There are a lot of comments here bashing nurses. How ’bout you guys walk a shift (12 hours) in my clogs and see how it goes? *IF* nurse-to-patient ratios were safe and *IF* patient satisfaction scores didn’t mean that we have to treat pts as if they are in a top-notch hotel, we might actually be able to CARE for pts the way we all want to. Instead of spending time fully educating my newly diagnosed diabetes patient, I have to give them the basics then run off and get the (healthy) complainer his 5th ice cream and fluff the pillows again. YES, patients do this. ALL THE TIME. So if you think you aren’t getting good care, think about the other patients I am caring for and their demands on my time. I have only taken THREE lunch breaks in the last 8 months and rarely sit. But please, feel free to complain about what a crap job I and my colleagues are doing. What I WANT to tell you but CAN’T and WON’T is that this is NOT a hotel, we are trying to keep you alive and healthy, and we are going to be doing things that aren’t fun. I can’t ensure that you are going to be happy 100% of the time, but I am trying my best to keep you pain-free while I help cure you. And I get peed on, spit on, almost strangled, etc., by pts.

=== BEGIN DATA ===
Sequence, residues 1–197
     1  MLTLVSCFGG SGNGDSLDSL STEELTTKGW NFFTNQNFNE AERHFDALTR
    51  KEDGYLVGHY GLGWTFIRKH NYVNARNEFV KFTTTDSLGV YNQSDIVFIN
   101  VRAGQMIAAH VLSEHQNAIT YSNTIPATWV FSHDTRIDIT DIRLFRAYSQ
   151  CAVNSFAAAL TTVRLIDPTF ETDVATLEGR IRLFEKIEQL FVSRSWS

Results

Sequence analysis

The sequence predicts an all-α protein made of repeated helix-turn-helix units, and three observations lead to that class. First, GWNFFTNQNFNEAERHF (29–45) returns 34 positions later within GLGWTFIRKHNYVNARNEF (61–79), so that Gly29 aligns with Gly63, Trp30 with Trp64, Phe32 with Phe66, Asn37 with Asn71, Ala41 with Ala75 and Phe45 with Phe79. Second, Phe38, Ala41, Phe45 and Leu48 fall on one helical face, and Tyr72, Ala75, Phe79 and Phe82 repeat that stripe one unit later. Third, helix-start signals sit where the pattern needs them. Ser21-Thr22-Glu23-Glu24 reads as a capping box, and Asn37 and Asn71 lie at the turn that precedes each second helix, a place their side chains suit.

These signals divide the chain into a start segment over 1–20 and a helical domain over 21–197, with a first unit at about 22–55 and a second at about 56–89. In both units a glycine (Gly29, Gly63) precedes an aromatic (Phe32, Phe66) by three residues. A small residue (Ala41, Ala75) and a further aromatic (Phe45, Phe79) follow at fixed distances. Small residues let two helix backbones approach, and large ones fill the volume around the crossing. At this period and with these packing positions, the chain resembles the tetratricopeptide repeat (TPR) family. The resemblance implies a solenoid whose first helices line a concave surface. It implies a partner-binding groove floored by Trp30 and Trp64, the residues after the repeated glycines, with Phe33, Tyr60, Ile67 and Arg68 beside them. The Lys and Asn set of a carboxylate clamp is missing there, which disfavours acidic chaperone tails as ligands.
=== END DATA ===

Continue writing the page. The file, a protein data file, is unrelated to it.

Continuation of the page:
Despite this, I smile, treat you kindly so you have no idea how hard my job is, and still love my job.

      • Anonymous